There are no wrong ways to organize a pedalboard if you’re using multiple pedals. However, it’s highly advised you put a tuning pedal first in your pedal chain, since it needs a clean signal from the guitar.


Q: Can I use my phone as a guitar tuner?

While there are plenty of free guitar tuner apps out there, using your phone as a guitar tuner requires use of the phone’s microphone. Unlike a tuner app, physical guitar tuners are much better at detecting pitch accurately, and they allow you to tune your instrument in loud environments.

Q: Are clip-on tuners more accurate?

Clip-on tuners use internal contact microphones or pickups to identify vibrations directly from an instrument’s physical body. This design is slightly slower—but not more or less accurate—than a pedal tuner that uses a direct connection to the instrument’s pickup or microphone. In other words, a clip-on tuner detects vibration itself using a pickup, while a plug-in tuner receives a signal from an instrument’s own electric pickup. This makes clip-ons the best and only choice for fully acoustic instruments, while pedal tuners are suited for any instrument with an electric output.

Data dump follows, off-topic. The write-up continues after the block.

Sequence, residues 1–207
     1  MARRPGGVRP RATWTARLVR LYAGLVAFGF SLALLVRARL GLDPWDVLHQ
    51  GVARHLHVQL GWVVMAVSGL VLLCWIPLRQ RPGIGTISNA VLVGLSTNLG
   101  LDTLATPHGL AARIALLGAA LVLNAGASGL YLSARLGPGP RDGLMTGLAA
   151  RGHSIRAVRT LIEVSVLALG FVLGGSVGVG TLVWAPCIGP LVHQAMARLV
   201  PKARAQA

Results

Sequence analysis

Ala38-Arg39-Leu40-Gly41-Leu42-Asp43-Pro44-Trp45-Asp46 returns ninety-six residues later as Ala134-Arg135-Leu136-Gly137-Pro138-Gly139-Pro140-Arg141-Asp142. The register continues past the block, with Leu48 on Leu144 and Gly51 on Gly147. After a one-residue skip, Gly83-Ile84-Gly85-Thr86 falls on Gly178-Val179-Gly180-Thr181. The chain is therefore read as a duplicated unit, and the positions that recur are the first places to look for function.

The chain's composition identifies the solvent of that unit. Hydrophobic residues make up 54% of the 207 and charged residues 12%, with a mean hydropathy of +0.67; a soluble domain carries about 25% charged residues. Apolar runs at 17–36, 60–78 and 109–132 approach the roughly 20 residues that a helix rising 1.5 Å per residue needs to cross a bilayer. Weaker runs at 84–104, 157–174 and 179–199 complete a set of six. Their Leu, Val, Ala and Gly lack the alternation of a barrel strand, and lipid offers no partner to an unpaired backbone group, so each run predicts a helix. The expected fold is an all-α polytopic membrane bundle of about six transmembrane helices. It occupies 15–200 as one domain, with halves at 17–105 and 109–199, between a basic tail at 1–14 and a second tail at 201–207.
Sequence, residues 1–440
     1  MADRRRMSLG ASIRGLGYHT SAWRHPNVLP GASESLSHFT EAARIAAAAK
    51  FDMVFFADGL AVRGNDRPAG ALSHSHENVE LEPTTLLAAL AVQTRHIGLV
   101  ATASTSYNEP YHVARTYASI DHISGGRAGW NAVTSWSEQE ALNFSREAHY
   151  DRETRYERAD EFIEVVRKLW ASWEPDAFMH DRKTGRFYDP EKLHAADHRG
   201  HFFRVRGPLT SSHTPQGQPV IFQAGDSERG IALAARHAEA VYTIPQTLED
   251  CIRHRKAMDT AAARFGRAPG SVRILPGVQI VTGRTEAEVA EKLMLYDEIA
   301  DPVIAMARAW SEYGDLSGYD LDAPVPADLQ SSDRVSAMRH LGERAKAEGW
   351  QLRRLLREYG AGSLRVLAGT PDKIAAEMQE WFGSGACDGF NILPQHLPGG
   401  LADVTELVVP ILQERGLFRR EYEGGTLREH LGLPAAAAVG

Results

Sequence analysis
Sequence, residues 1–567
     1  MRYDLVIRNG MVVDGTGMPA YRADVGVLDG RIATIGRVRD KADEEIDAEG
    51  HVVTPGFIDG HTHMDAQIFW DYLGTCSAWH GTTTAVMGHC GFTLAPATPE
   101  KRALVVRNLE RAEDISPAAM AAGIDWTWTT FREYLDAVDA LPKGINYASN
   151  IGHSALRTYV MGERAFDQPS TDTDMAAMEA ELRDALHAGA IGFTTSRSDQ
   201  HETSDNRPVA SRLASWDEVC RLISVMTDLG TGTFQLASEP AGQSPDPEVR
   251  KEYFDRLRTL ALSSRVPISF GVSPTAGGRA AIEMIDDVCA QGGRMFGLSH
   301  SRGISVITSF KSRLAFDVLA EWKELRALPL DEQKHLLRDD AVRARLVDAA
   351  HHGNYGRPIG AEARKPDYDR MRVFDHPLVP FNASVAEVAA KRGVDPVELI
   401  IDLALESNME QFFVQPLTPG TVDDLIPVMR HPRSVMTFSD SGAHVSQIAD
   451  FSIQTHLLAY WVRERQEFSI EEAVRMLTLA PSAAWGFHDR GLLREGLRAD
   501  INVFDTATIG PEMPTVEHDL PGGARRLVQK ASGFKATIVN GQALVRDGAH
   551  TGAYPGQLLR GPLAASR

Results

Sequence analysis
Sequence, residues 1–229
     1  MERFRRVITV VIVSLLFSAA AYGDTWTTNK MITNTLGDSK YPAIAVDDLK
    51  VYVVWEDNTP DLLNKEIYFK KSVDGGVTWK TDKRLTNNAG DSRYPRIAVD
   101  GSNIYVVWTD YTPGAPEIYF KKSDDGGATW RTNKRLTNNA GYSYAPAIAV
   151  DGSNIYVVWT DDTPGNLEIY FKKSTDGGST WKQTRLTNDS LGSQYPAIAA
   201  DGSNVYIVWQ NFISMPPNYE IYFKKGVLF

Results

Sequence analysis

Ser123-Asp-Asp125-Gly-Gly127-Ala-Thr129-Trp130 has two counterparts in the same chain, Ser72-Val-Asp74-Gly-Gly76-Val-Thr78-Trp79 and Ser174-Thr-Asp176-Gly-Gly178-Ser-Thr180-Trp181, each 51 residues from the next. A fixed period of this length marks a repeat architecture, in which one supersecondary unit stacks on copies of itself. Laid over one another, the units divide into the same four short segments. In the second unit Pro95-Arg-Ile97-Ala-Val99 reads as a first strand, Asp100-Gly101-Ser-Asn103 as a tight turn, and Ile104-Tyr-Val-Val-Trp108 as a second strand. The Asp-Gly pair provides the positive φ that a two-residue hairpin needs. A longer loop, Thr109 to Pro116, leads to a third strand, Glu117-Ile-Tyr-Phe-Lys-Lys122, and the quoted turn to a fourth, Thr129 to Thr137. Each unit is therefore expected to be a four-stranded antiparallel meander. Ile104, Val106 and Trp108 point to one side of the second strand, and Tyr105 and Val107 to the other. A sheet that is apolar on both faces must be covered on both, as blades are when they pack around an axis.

Q: Do you really need a guitar tuner?

We would argue that yes, you do need a guitar tuner. Not everyone is born with perfect pitch (the ability to recognize or replicate a note without a reference pitch) and being out-of-tune can make you sound … just plain bad!

Q: How long should a guitar tuner last?

Depending on what kind of tuner you buy, a guitar tuner can last for years. A tuning pedal can last for years; We can say the same for a clip-on tuner, as long as you don’t lose it.

Final thoughts on the best guitar tuners

Users of electric guitars and other electronic instruments will get the most mileage and versatility from a customizable strobe tuner like the Peterson StroboStomp HD. If you’re playing a guitar that goes out of tune often or you need to tune without missing a beat, a polyphonic tuner like the TC Electronic Polytune 3 Mini may better suit your needs. Players of acoustic guitars and instruments without pickups should consider the clip-on KLIQ UberTuner, and if you prefer your guitar tuner to do the work for you, the Roadie 3 Smart Tuner is a truly one-of-a-kind solution.